Think of this magnificent conception! See the beauty, the width, the profundity, of these theosophical ideas. There is in them nothing that is unreasonable, nothing that is offensive to spirit, to mind, or to understanding. Theosophists say, in common with the testimony of mankind of whatever race and of whatever era or age, that the universe is filled full with divine beings, with gods and demigods, and inferior gods, and super-gods: hierarchies of them stretching endlessly in both directions, upwards and downwards. And we human beings are at an intermediate stage between the elemental forces of the cosmic life on the one hand, and Divinity, our future home, on the other hand.

Within each one of you is a divinity, a living god, the source of all your present human powers, the source in you of pity, of compassion, of love, of understanding — the source whence you draw your conceptions of harmony and beauty. "Man, know thyself!" Ye are gods and the offspring of divine beings.

So beautiful and harmonious is the structural framework of nature that even your bodies are composite of little elemental lives, each one conducting and guiding its own life-atom; and every one of these smaller lives has its part and place and sphere of action in the physical body in which you live and through which you express yourself, even as the gods guiding and controlling the universe express themselves through us and through the hosts of other entities. In them we live, and move, and have our being, as the elemental entities actually making the physical body of each one of us, live, and move, and have their being in us; for what nature does anywhere she does everywhere, because throughout all runs one universal life, one universal, radical, essential, fundamental consciousness — therefore, one universal law.

This is an interesting question — they all are, as a matter of fact:

"It is not at all an uncommon experience that while sitting in a room talking with others, at the utterance of some single word or phrase there comes an overwhelmingly certain feeling, or intuition, that the whole scene — people, conversation, and all — has happened before. Yet we know for certain that it has not occurred before in this life. Is this a memory of a past life? Do we repeat our experiences in this way, either largely or in part?"

We have all had this experience, and oft it is so vivid that we know just what is next going to be done, just what is next going to happen. Most likely it is not the remembrance of a past life. Possibly so, but very likely not. In most cases it comes from the fact that there is a faculty in the human being, in the normal human being, which is not yet fully developed, and therefore shows itself but ill, but poorly: the faculty of knowing what things are coming to be; which faculty when it is developed, gives us the prophet, the seer, so called because he sees. It is an intuitive faculty, an exercise of the intuition, therefore a spiritual faculty — one of the faculties of your own inner essential divinity.

In such cases you know what is going to happen, what is going to be said, you anticipate the next step; and usually, alas, before the scene is completely unrolled, the connection of consciousness and thought is snapped. The explanation of it is, as I have just said, the work of the intuition showing the brain-mind in flashes of illumination what is next going to happen. This is the explanation in most cases.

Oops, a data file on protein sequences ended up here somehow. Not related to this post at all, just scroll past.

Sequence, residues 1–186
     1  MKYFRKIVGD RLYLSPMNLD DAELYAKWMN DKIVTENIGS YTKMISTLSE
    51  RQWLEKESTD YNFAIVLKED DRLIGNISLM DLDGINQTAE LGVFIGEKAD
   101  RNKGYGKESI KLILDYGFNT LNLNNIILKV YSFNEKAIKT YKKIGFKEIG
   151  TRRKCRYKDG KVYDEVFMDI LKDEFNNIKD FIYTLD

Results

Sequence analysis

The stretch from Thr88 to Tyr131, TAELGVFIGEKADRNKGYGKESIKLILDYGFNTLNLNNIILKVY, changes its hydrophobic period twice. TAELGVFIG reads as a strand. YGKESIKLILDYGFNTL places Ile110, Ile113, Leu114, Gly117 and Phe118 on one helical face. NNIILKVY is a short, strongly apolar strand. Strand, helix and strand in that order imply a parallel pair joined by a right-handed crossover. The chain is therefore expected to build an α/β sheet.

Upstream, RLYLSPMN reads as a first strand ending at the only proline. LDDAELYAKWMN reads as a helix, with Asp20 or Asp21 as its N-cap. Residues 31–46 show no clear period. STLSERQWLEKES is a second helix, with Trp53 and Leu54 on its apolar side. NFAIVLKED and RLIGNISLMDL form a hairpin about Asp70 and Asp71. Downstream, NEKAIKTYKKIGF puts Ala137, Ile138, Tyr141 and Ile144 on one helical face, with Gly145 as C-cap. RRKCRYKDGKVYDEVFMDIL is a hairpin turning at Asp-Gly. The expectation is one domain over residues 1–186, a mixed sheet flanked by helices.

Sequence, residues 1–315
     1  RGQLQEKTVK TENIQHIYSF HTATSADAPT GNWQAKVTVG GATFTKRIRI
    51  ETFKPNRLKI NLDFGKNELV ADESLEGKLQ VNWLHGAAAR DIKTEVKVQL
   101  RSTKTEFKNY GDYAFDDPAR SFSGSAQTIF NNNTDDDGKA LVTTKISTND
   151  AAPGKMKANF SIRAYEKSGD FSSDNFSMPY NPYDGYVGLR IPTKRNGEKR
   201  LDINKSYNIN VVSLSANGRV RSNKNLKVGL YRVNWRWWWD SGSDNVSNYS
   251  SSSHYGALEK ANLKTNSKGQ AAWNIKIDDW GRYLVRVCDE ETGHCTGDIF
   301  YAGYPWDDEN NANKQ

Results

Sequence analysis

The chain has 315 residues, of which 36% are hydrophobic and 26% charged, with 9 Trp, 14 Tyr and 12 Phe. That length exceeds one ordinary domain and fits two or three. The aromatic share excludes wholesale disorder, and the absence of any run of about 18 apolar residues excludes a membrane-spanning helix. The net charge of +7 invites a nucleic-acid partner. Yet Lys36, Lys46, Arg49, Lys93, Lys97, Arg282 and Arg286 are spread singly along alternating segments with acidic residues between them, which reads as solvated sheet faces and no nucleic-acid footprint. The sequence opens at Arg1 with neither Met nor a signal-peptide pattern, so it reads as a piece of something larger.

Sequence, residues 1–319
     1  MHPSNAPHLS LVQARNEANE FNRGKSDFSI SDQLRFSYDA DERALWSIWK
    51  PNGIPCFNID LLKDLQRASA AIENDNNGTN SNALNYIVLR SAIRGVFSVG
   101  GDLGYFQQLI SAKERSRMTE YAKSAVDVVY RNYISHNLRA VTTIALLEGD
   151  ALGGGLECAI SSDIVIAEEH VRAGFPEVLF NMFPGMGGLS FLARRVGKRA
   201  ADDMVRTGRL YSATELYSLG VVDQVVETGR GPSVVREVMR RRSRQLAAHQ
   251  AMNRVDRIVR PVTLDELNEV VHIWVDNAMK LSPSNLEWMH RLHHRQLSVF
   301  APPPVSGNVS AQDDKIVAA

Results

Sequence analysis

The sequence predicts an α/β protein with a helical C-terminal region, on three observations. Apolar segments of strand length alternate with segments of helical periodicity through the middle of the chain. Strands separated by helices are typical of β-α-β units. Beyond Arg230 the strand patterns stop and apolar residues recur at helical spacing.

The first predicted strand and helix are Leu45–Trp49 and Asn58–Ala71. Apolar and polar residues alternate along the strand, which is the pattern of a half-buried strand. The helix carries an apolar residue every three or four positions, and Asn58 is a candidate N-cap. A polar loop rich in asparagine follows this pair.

But I am going to go a good deal farther, and take a great big step forward in explanation, and let you into a little secret of the teachings of the ancient wisdom. It is this: Just as nature repeats herself continuously, because repeating herself means following lines of least resistance — a procedure which nature always does, although each repetition is not an identity with the previous occurrence or event — just so, everything that happens is a repetition of what has happened in a former great period of cosmic existence, but not in a former human life of a few thousand years ago.

I am now referring to another universe, the parent of our present universe. It was the teaching of the ancient Persians, also of the ancient Greek and Latin Stoics, of the ancient and modern Hindus, that things repeat themselves according to cyclical law, because nature, in her unceasing movements and operations, always follows the line of least resistance, and when a pathway has once been blazed, it is nature's way to follow that path. The groove of action has been made, and events naturally follow in the groove. Either this, or you will have nature in all its operations pursuing the most difficult path, the unheard-of path, which is the path of greatest resistance; and we know that nature never does that.

Nature never acts in that way. The path of least resistance is the path always followed. Therefore it is that things repeat themselves from the beginning to the end, but each repetition is on a higher plane, with the gained wisdom of the past, making therefore each repetition a new cycle of life; and in certain circumstances, such a scene as this question describes, and its recognition, are a vision from out the well-spring of the consciousness of man, from out the storehouse of a past eternity, striking the present understanding mind like a flash of light of recognition, in the now reduplicated circumstances, and then we say: Why, how strangely familiar this is.